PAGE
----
The second roundtable session saw attendees discussing ‘reactive automation’ – automation that can keep up with changing user or business requirements.
Attendees agreed that across testing departments there is a large amount of manual testing, although there is a desire to switch to automation, in order to eliminate testing bottlenecks and meet the increased pressure for short delivery time to market.
As buzzwords such as continuous delivery and DevOps take the stage, it is sometimes unclear how automation is going to help? Traditionally, test automation has been focused on replacing manual test execution, but if this remains the sole focus many other tasks will remain too slow and manual, while test automation itself can introduce additional labour.
Problems with traditional test automation
As organisations look to adopt the high levels of test automation they seek, issues can, and most likely will, arise. As pointed out during the roundtable, manual scripting can hinder automation and maintenance is a major painpoint for many.
Although organisations can have their pick from good automation frameworks, they tend to rely on scripting, which results in time wasted on manual test case design.
“One team we worked with took 6 hours to write just 11 tests,” said Pryce.
In addition, the issue of test automation maintenance needs to be addressed in many organisations. It is often the case that test scripts can not be traced back to the inert requirements from which they originated so that testers have to manually check and update the pile of existing tests to reflect a change made to the system. All of this eats up precious time and resources, leaving many to wonder what the time‑saving capabilities of automation were all about.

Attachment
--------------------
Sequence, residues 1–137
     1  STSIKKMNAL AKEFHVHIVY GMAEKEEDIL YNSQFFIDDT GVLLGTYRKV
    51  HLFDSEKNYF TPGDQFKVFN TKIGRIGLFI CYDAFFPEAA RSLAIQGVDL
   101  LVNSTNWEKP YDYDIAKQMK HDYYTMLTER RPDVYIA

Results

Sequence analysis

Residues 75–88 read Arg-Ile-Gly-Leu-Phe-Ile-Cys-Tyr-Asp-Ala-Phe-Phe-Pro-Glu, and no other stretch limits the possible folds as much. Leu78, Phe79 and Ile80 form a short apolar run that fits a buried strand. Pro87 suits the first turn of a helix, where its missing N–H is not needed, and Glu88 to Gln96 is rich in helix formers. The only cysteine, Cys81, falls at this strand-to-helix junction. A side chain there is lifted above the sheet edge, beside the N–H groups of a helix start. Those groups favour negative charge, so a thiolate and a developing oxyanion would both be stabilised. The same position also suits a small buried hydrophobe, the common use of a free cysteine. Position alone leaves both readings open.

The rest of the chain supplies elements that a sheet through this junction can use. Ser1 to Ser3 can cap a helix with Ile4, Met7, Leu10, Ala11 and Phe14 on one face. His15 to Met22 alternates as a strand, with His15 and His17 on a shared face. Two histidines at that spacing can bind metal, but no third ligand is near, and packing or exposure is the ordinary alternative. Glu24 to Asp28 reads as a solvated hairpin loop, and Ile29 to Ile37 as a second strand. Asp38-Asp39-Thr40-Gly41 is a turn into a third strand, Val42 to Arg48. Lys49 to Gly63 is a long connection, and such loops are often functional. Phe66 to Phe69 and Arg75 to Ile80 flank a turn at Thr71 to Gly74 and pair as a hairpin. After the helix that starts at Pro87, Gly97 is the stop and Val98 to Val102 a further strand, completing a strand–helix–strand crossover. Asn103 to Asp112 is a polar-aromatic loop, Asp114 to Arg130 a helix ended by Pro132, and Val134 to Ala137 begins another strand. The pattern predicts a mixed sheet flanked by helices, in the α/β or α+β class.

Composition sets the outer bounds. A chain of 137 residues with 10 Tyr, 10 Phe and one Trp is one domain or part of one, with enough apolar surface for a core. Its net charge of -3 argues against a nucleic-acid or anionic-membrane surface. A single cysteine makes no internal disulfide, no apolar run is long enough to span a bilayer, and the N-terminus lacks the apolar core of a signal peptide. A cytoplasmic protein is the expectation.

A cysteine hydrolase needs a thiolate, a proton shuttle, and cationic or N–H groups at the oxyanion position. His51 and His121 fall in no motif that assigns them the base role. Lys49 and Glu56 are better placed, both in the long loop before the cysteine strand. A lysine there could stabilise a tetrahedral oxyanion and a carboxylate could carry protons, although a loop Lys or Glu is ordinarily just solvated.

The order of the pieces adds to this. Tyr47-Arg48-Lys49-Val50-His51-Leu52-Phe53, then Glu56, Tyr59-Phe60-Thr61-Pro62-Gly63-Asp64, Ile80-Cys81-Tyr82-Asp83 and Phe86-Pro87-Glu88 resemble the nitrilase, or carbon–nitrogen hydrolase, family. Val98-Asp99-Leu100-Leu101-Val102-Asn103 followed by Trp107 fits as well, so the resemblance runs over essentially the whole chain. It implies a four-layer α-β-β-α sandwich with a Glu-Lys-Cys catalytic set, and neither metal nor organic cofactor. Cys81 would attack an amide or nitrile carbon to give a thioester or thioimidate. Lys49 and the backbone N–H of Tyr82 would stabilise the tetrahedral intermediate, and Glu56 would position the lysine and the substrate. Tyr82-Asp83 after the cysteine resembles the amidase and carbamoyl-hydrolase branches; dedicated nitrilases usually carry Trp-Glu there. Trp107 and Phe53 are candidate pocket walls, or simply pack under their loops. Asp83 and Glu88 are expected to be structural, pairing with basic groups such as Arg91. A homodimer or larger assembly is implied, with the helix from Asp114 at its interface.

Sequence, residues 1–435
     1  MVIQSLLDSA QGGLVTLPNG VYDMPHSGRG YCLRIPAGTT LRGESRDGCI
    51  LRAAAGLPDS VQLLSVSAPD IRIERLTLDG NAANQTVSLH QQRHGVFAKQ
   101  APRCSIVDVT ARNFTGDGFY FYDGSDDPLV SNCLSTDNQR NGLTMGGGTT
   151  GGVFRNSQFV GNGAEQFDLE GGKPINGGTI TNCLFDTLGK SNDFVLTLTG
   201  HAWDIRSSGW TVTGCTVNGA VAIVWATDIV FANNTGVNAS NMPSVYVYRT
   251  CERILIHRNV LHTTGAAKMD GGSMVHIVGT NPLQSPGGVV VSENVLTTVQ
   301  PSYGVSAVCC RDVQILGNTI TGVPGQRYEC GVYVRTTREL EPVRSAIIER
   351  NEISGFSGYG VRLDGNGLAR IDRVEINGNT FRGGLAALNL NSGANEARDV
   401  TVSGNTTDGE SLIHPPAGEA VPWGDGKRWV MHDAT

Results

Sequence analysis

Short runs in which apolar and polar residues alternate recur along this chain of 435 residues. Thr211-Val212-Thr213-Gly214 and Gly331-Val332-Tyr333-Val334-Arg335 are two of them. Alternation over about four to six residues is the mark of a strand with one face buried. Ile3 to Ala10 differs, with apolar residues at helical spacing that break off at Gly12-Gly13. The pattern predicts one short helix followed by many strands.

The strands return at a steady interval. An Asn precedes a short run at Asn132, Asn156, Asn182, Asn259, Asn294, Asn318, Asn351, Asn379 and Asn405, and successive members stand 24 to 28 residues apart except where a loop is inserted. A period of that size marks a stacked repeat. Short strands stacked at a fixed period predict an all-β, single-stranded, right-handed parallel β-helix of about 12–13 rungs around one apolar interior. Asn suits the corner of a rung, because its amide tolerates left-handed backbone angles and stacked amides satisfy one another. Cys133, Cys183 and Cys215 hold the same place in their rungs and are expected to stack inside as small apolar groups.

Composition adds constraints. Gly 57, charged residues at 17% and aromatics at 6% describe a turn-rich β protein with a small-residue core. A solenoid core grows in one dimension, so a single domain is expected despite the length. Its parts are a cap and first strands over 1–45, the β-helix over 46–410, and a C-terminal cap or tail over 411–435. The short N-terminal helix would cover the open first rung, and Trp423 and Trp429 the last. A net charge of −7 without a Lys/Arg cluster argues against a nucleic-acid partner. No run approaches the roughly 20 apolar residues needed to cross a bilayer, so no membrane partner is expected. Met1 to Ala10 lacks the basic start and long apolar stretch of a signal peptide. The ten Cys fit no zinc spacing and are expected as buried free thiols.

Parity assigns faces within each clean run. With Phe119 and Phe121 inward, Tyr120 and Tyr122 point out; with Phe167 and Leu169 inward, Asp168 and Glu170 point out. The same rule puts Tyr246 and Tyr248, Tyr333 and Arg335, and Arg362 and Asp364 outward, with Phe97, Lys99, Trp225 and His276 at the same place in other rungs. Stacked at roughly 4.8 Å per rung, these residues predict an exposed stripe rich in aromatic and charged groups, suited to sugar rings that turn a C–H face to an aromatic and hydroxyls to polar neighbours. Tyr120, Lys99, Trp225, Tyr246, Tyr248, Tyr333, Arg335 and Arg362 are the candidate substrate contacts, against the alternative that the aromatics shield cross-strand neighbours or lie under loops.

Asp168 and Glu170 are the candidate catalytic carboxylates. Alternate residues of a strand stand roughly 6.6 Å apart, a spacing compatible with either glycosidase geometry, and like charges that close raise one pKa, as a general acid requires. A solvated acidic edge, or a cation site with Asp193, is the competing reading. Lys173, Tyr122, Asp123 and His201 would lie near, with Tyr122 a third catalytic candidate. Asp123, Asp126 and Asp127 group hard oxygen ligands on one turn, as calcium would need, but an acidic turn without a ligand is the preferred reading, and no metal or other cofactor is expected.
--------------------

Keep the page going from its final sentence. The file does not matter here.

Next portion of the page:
“We need to shift testing away from being a tools problem into thinking about it as a modelling problem,” said Paul Gerrard, industry consultant. “Through improvements in modelling and in the requirements phase, we can eliminate mistakes in code and in automation.”
Successful test automation should free up testers to focus on the exploratory, build test models and inform future testing.
If automation is the future, how does reactive automation fit in?
“Reactive automation is the reason I came to this roundtable,” said one QA Director in the ecommerce space. “It’s an unknown for us right now, but we need to look into it.”
Reactive automation sees test automation encompassing test creation and maintenance to help speed up delivery and increase test coverage.
This can only be achieved if ‘active’ requirements are used for the automated testing. CA Agile Requirements Designer, an end‑to‑end requirements gathering and test case design tool, allows organisations to run automated tests that can be derived automatically from requirements modelled as unambiguous flowcharts. These tests are updated automatically when the requirements change, solving the issues of time wasted on maintenance and manual test generation.
In addition, optimisation techniques can be implemented to generate the smallest number of tests needed for maximum coverage, shortening test cycles.